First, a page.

The Economic and Social Research Institute (ESRI) has said Budget 2022 will on average compensate most households for price growth forecast for next year.
In its post-Budget analysis to be presented today, the ESRI says above inflation increases to core social welfare payments as well as supplemental payments for dependents and those living alone are large enough to offset the impact of carbon taxes on the lowest income 20% of households.
The ESRI finds these changes will also leave poverty levels slightly lower than if all welfare payments and tax bands had been changed in line with inflation.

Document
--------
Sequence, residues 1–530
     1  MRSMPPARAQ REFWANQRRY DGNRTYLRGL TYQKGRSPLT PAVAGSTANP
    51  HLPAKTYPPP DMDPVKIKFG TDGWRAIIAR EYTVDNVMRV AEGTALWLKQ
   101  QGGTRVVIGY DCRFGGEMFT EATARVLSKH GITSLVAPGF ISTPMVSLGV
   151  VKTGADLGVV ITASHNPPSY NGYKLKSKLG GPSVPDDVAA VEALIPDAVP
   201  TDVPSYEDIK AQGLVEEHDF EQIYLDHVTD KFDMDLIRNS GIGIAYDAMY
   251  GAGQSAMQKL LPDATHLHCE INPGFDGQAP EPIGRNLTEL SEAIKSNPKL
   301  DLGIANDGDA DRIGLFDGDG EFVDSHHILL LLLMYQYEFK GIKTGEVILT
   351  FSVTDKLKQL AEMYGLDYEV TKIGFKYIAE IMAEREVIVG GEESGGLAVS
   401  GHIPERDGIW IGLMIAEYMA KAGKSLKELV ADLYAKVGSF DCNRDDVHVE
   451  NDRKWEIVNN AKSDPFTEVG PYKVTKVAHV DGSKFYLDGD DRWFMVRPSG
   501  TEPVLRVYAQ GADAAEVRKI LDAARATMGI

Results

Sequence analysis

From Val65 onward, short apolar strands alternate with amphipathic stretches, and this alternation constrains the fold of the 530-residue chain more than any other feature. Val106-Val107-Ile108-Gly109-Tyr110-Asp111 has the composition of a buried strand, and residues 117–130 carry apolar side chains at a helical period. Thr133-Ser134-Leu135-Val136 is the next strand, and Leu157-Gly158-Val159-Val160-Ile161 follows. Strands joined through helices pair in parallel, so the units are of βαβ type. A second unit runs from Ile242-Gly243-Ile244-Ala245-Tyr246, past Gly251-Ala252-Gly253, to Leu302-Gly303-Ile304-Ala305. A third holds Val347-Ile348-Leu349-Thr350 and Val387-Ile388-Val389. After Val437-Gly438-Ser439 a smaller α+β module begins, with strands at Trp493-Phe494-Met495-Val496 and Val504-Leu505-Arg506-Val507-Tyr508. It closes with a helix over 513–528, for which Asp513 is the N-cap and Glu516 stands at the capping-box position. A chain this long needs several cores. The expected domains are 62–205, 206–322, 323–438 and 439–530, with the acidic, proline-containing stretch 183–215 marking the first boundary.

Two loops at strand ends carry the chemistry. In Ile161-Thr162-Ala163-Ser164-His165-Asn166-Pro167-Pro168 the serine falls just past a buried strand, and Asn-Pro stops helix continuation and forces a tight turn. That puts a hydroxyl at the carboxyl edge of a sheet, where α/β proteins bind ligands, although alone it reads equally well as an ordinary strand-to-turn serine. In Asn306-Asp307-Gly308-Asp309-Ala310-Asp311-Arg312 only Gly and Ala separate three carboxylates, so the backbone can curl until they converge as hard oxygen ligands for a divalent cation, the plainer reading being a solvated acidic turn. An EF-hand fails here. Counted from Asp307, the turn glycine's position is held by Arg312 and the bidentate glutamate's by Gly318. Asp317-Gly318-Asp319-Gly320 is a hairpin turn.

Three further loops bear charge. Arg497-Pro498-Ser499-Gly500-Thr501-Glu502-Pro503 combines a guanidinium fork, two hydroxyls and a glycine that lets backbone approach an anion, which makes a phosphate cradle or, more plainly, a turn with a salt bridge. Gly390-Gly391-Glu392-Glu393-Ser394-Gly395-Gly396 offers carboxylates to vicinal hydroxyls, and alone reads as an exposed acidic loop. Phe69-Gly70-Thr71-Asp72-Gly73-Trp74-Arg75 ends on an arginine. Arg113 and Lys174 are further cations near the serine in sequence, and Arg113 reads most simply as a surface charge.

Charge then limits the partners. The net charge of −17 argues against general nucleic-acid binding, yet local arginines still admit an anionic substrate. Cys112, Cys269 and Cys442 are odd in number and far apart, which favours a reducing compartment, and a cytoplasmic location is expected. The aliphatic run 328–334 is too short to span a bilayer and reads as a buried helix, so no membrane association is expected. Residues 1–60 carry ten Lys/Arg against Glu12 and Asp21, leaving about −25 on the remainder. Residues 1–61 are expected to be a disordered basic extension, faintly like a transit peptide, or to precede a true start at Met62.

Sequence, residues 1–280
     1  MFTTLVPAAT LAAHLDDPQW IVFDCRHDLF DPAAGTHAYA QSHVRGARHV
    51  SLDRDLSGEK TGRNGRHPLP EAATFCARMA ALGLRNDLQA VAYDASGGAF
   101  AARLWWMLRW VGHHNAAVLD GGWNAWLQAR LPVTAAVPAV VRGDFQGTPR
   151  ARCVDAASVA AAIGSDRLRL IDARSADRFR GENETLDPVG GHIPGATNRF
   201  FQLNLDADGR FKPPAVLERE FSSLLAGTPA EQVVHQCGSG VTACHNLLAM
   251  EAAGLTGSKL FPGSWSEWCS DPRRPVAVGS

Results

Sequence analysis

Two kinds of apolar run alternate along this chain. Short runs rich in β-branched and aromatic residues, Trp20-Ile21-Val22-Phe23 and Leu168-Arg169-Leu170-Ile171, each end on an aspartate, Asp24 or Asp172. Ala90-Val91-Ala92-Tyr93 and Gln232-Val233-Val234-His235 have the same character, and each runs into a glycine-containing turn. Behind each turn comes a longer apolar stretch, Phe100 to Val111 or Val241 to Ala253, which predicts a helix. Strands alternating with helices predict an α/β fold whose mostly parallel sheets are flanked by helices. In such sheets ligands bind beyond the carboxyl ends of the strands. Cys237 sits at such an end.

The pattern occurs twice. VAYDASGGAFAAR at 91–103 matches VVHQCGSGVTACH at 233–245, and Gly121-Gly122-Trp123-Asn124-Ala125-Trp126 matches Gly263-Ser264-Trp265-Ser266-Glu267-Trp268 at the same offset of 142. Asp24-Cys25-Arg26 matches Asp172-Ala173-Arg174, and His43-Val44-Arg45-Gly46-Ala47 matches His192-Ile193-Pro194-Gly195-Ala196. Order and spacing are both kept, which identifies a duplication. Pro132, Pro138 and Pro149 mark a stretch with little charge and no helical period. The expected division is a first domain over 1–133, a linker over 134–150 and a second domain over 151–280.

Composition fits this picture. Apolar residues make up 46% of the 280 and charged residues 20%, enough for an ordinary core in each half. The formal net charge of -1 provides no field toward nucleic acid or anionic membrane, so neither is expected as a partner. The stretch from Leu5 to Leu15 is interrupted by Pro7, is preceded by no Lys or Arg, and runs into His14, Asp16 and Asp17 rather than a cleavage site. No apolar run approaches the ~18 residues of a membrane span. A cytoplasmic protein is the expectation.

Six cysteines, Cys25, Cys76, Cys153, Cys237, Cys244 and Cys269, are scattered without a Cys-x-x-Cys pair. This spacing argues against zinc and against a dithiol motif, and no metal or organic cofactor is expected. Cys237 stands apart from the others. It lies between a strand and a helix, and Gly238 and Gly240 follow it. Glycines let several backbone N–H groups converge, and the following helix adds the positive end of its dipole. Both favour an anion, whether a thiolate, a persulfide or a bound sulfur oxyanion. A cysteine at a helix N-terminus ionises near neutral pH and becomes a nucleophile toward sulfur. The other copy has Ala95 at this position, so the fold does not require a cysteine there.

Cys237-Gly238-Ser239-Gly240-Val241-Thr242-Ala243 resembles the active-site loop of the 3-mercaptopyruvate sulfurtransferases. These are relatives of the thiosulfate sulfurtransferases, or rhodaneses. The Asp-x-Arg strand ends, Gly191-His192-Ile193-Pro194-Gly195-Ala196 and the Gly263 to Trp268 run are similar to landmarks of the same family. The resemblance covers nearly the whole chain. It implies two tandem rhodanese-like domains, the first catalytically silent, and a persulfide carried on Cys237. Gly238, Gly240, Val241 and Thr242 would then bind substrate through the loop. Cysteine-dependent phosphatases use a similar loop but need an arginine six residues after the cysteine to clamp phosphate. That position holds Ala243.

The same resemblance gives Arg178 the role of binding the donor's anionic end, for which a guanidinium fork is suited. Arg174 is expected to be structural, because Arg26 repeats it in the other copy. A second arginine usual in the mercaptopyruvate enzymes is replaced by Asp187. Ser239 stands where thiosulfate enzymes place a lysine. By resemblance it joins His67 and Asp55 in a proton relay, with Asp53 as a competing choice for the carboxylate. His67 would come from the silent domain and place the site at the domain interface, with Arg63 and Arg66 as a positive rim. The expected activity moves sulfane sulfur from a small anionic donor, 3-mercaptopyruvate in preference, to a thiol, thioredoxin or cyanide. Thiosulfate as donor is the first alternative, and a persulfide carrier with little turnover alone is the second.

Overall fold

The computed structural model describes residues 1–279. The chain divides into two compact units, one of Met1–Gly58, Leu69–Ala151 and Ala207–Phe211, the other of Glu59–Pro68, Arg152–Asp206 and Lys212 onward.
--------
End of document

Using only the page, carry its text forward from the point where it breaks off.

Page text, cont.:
However, it notes the after-tax purchasing power of lower earners who do not earn enough to pay income tax will be reduced, although they will benefit from the increase in the minimum wage.
It also notes that below inflation increases in the Working Families Payment and State Pension will mean that some low-income working parents and retired couples who do not receive the Fuel Allowance may be worse off if their incomes are eroded by rising fuel prices.
Karina Doorley, Senior Research Officer at the ESRI, said ” … some low-income working parents and retired couples will see real cuts to their payments, as may others if price rises turn out to be larger than forecast”.